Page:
Friday, June 27, 2014
Best I Read This But it Took a While
Last week I finished reading this book called The Recognitions by William Gaddis. I believe I started reading it in February? I remember that I started reading it at a pizza place in midtown at lunch time, across the street from the Nintendo store. If I can find my receipt from that meal I might be able to determine how long it took me to read it. Anyway, why'd it take so long? Oh, because it was another gigantic book (960 pages, give or take) and it was a tricky, tricky read. Last year I read a Gaddis novel called JR that I really liked, it was only 700'ish pages but written almost entirely in unattributed dialogue. It was a monster. The Recognitions, fortunately, has narration, but it's still tough going. Once I was reading JR on the train and a guy across from me asked if I had read the Recognitions. I told him I had started it (which was true, I had, four years ago, it didn't take back then) and he said "That sounds about right." But this time I stuck with it, in case I ran into that guy again.
But enough about me.
What was the Recognitions about? Basically the life of a talented artist who becomes an art forger and the people in his orbit during his life. But also the plot shoots off in completely different directions and examines the lives of other characters for gigantic sections at a time. It is very well written, full of obscure and popular references to obscure or popular things—fortunately for me there is a very good set of summaries and annotations for the book online. I found myself reading the chapter summaries before and after and during each chapter to make sure I didn't miss anything important and then browsed through the annotations for the translations I might need or to confirm the references I thought I had caught.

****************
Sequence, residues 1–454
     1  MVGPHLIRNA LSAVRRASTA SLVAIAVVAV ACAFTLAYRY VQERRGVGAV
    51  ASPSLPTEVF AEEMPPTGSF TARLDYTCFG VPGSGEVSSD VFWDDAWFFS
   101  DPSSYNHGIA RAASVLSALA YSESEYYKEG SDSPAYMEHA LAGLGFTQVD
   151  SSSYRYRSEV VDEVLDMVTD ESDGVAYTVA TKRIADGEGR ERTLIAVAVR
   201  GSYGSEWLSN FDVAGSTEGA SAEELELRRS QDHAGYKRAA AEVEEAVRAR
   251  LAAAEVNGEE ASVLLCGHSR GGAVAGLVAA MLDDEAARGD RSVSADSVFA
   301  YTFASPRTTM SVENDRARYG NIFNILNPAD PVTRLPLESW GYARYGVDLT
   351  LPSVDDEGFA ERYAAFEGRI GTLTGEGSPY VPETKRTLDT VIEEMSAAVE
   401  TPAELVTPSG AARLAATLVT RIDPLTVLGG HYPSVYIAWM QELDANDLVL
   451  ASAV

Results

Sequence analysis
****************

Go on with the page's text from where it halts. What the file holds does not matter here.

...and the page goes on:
When Thomas Pynchon started to be popular and was all withdrawn and mysterious, several a critic suspected Pynchon was an alias of Gaddis's (And Gaddis is also notoriously non-public in his persona). Reading the Recognitions, particularly the opening chapters that tell the tale of the main character's parents' trip by boat to Spain when he was little, I really saw where those suspicious readers were coming from.
I recommend the Recognitions for people who are looking for a good tough read with lots to wring out of every paragraph. I also recommend it for anyone that wants to spend multiple months on a book. Or I do not recommend it to anyone who can't commit fully to only one book for a good long time. And, honestly, who really can do that? Anyway, I'm glad I did. Now that it's on my shelf it's quite the trophy, another nice twelve point buck on the wall in my hunting lodge.